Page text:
John Zepeda and his “right-hand man” Joe Ellis didn't seem particularly scared. They loitered for at least an hour on the dirt shoulder in front of the park, T-shirts covering their noses and mouths. Zepeda, whose two luxury sports cars were covered in ash, owns a home up on Calle Tecolotlan, which he very reluctantly left behind.
“I pulled him out,” Ellis explained. “He wanted to stay and protect his house.”
Zepeda admitted waiting until he could see the fire from his windows before evacuating. Instead of leaving Fallbrook like most residents, he was holding out for eye-to-mouth news of his house's safety. Two passing squad cars had given him conflicting stories, so he had no clue what was going on. But he said he'd wait by the side of that smoky road until he knew or was driven back by the fire.
A few miles to the west, on a hill behind a church parking lot, several families stood by their packed cars, watching the smoke creep along indecisively. Among them was John Barton, whose property off Reche Road has a gurgling creek and centuries-old oak trees. Barton had soaked everything in water and made sure his elderly neighbors had gotten out safely. He wasn't sure where to go now.
Barton said his siblings had already lost two houses in the day's fires and worried that his would be next.
“I've lived here for 20 years,” he sighed. “It's never been this close a call.”
At a 7-Eleven on Main Street in the center of town--one of the only businesses open--Lea Barton (no relation to John) said the same thing.
“I've lived here since 1958, and this is the first time we've ever had to evacuate. I remember in the sixth grade, there were fires all over and the sun was blood red--we still didn't evacuate.”
Barton packed up her genealogy research and her grandfather's banjo. She and her two dogs waited at the convenience store for a friend who was bringing her own two dogs. The two women planned to follow the official departure route through Camp Pendleton to San Clemente.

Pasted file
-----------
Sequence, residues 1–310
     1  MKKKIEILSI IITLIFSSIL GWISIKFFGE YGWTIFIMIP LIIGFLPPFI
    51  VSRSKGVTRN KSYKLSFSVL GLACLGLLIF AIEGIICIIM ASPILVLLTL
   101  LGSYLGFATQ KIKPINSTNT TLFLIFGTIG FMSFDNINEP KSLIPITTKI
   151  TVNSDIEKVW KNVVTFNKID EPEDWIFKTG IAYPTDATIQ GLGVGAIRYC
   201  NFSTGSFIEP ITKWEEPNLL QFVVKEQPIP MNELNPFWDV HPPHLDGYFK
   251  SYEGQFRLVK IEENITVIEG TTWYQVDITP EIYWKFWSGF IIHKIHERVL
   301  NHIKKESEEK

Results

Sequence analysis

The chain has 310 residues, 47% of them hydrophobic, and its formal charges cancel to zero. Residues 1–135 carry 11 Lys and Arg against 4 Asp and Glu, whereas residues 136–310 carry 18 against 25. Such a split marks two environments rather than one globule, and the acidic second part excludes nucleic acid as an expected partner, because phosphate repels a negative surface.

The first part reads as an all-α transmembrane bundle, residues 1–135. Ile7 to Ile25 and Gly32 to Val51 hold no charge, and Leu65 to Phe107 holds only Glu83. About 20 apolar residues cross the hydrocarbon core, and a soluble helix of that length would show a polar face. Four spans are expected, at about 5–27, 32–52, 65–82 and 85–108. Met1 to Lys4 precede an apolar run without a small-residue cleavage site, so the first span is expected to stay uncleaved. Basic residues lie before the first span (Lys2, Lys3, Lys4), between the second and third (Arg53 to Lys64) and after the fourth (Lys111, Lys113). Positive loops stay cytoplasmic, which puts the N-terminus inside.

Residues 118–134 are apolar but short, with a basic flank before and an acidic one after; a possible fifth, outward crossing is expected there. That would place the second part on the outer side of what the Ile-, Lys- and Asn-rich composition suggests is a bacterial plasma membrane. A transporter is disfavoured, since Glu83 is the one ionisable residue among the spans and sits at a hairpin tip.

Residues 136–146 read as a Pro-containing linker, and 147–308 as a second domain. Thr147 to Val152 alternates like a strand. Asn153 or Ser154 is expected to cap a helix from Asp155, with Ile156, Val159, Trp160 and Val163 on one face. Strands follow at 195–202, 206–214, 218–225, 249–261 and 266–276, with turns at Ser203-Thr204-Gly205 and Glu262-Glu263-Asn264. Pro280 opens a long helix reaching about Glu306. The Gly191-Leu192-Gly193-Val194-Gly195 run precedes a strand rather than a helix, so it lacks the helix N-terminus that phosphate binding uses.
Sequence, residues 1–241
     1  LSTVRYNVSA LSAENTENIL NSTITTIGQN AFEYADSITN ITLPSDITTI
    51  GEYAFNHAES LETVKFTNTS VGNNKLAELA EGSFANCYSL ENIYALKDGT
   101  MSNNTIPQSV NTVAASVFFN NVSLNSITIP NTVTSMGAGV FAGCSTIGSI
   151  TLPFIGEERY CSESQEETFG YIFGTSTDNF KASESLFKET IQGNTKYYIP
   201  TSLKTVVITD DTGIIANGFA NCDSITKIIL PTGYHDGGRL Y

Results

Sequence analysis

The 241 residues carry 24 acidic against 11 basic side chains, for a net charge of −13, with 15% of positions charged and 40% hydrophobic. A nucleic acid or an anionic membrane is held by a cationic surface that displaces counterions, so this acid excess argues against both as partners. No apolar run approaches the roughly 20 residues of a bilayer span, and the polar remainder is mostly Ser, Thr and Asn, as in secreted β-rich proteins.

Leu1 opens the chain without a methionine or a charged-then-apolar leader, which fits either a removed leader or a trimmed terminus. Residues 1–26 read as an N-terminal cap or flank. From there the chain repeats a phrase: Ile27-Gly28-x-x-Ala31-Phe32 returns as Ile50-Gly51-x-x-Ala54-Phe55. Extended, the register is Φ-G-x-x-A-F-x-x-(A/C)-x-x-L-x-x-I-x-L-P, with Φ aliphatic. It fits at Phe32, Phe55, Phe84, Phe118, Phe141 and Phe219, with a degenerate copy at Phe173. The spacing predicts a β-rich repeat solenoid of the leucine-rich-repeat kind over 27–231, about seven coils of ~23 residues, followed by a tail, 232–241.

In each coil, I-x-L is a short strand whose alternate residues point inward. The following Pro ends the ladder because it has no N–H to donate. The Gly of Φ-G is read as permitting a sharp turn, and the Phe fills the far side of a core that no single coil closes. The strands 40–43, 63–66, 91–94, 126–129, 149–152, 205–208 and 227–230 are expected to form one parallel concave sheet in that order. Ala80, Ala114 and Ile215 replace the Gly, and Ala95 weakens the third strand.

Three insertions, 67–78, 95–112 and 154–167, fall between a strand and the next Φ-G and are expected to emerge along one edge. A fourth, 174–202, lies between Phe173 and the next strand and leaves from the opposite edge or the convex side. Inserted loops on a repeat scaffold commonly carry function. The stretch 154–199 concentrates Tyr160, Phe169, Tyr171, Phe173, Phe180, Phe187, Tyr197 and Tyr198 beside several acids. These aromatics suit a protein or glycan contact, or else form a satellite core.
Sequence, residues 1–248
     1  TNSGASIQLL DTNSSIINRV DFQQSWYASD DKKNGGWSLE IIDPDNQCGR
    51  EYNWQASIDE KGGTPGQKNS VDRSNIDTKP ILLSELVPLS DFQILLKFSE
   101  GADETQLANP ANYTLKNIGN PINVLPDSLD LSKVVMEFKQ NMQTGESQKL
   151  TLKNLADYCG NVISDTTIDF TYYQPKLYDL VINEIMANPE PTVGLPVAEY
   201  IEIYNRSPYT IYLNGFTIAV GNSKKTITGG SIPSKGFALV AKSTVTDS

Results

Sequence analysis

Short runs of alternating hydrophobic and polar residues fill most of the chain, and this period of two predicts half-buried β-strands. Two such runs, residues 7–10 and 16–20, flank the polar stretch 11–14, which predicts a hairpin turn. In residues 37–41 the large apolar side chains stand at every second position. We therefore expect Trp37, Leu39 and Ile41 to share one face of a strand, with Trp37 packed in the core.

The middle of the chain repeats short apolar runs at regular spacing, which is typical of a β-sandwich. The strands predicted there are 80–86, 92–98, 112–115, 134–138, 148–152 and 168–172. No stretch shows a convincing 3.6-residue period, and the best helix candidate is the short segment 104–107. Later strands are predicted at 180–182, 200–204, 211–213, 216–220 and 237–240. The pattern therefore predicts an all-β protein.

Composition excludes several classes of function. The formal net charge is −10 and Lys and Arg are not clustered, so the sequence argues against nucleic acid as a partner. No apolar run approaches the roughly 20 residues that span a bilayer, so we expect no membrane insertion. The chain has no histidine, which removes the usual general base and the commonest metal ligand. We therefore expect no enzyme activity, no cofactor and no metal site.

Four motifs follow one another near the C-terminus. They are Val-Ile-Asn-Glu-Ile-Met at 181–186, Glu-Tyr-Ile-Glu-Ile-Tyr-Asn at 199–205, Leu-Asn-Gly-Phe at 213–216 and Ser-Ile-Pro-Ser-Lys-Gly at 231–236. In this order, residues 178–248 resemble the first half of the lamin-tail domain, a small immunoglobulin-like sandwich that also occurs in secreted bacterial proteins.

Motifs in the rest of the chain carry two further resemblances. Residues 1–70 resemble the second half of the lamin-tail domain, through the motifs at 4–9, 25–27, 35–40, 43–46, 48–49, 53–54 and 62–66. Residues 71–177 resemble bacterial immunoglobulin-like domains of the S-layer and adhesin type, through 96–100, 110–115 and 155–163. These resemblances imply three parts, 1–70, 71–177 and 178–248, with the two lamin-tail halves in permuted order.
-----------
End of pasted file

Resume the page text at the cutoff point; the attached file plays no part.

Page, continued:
“This is a really hard thing to do by yourself,” Barton said.
In parking lots throughout the center of town, people huddled in cars--eating, talking on the phone and, in some cases, napping. The traffic to get out was too daunting for many, and with the fire nowhere in sight (at this point not even the smoke could be seen), many looked ready to spend the night where they were.Margaret Ozor, a bubbly, blond Polish woman with a thick accent, had pulled into one lot hoping to find a bathroom. She thought her cat might also have to pee, though she wasn't sure what to do about that. She did know that she had no intention of sitting in the mass exodus of bumper-to-bumper cars.
“I'm from a communist country,” she quipped. “I don't like lines!”
Ozor had stowed a pillow and blanket in her car and thought she and her cat might stay put until morning. “I've got some food for the cat and some water for me,” she said, then smiled broadly and poked her plump belly. “I don't need any food… though I did buy some chocolate when I found out about the fire.”